VIDEO: Consumers along the Vegas strip get a chance to play with the Lenovo Horizon in this YouTube video.
Fueled, an award-winning app developer, marvels at the Horizon — the first 27″ interactive screen (“table PC”) now available for pre-order from Lenovo. It represents the beginning of “interpersonal computing.”
The first tablet was designed in 1957, 11 years before Kubrick would imagine them for his 2001: A Space Odyssey. The two designs looked very different, the latter looking pretty much like an iPad and the former pretty much like a 1957 computer with a pen on a wire. In the proceeding years, the computer got smaller. In 2010, the stylus disappeared. Since then, they’ve pretty much all looked the same- like Kubrick’s vision.
Large tablet in a small tablet world
As the world turns, tablets haven’t changed much. They’re just getting smaller. Five out of the top six Android tablets are on the small side, and sales of larger iPads have dropped in favor of the iPad mini. Microsoft has announced its “Surface Mini” to compete with the iPad, as PC sales slump. If this seems like a strange time for Lenovo to release its IdeaCentre Horizon, that hasn’t stopped it from happening.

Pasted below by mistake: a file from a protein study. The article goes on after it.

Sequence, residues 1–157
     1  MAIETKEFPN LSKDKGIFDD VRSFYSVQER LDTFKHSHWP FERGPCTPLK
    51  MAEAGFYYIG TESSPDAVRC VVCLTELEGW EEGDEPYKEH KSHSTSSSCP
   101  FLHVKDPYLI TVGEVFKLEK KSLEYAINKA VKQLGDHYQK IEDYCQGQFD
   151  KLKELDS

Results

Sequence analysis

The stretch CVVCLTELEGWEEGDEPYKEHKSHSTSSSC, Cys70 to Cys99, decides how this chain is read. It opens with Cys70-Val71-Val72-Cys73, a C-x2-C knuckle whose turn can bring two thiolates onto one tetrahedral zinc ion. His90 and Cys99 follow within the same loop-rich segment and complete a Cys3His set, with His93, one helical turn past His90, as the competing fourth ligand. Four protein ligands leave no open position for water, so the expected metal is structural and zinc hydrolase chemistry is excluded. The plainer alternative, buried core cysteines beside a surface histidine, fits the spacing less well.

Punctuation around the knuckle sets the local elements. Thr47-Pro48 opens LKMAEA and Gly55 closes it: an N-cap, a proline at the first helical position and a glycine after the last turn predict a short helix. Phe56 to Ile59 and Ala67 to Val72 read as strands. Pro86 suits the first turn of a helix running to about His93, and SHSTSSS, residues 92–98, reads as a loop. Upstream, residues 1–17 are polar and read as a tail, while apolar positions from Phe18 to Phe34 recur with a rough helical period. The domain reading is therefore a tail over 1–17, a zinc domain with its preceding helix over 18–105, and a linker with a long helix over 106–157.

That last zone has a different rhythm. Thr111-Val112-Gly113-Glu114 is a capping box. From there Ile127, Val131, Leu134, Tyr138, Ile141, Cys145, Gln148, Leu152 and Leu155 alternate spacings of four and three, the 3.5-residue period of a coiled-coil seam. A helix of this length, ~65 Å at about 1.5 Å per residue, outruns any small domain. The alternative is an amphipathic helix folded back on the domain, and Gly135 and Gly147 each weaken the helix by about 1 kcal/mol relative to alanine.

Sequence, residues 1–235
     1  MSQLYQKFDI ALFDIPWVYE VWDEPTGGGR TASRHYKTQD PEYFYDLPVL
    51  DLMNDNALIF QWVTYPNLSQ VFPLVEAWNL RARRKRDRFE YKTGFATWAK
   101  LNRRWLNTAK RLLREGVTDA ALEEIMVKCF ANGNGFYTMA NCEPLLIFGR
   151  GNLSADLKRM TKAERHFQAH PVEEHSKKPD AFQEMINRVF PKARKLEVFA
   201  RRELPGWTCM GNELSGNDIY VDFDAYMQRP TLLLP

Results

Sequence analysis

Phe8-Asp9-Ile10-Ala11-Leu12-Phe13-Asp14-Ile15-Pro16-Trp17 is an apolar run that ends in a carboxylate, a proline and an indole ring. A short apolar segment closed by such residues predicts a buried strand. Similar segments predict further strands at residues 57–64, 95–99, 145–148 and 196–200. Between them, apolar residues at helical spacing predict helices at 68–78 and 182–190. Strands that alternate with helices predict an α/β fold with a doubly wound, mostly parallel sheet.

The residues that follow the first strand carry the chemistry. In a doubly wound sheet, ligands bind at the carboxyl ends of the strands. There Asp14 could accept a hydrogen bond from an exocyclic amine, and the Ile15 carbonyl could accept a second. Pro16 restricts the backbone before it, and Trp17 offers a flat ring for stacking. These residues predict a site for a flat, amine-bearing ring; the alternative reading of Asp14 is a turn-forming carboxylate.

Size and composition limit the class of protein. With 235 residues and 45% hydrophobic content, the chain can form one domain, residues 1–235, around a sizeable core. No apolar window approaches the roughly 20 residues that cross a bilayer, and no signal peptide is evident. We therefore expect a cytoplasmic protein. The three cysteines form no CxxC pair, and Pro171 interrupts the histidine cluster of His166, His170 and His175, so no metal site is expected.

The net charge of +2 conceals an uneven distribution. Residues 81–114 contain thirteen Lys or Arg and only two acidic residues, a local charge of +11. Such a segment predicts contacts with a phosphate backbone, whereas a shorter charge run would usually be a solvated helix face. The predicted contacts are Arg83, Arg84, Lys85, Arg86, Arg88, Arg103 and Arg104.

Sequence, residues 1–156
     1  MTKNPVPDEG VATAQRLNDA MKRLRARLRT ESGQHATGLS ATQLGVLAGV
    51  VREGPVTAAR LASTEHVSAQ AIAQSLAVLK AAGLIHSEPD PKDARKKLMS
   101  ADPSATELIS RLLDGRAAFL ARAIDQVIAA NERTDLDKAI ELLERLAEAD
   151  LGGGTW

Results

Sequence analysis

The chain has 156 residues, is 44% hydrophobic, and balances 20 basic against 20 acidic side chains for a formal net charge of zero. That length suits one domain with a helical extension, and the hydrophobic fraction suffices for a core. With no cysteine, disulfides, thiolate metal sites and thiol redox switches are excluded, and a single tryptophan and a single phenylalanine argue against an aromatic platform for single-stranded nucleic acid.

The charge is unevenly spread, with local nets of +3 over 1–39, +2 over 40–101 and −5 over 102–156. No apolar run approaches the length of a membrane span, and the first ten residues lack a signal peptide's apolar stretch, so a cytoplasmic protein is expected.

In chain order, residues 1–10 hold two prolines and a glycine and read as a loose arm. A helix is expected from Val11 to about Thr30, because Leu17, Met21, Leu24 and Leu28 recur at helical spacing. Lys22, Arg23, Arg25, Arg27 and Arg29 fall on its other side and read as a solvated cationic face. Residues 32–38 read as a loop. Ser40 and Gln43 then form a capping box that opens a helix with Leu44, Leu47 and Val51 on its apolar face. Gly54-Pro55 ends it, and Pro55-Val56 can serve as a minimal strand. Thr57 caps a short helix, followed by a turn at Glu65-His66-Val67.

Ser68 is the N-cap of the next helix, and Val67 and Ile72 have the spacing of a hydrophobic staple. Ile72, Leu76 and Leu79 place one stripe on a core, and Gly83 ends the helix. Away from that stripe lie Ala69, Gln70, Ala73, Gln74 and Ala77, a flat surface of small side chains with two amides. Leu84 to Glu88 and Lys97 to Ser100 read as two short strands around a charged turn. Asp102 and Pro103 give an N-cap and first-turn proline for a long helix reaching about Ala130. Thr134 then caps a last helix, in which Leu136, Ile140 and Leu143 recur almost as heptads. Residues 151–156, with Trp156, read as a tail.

The Lenovo Horizon
The Horizon is 27 inches, which is 19 inches larger than the iPad mini. It’s large enough to have lost a ‘t,’ becoming a “table PC” instead of a “tablet PC.” With 10-point multi-touch technology, including joysticks, e-dice and air hockey strikers, the Horizon seems to be directed at family game night- at least any family with a spare $1,699.00 to shell out.
The hardware is impressive, with a Intel Core i7 processor, Dolby audio, and a GeForce GT620M graphics card. It supports up to 8GB of RAM and 1TB of disk space, and includes a Monopoly app. Clearly the Horizon is not about making friends. It also includes a battery with several hours of life, which is fine, but seems less useful than table legs.
Lenovo sales strong
Lenovo Chief Executive Yuanqing Yang assured everybody in an interview last January that despite the proliferating news that the PC is dead, we live in a “PC-plus” and not a “post-PC” era- meaning that new form factors adding to the very definition of a PC are rising, of course with Lenovo leading the way. The Chinese company is in a good place to make these assessments, by one report up 13% in sales while the rest of the PC market suffers.
The Horizon runs Windows 8, for which there are those who would fault it. Blame for the recent slump in PC sales is often placed squarely on the shoulders of Windows 8. Lenovo might disagree. It uses Windows alongside HP, Dell, and Toshiba, but they aren’t suffering the same PC existential crisis. Even Apple’s PC sales are slowing. Lenovo may have multiple advantages, and its philosophy of “PC Plus” may be an important one.
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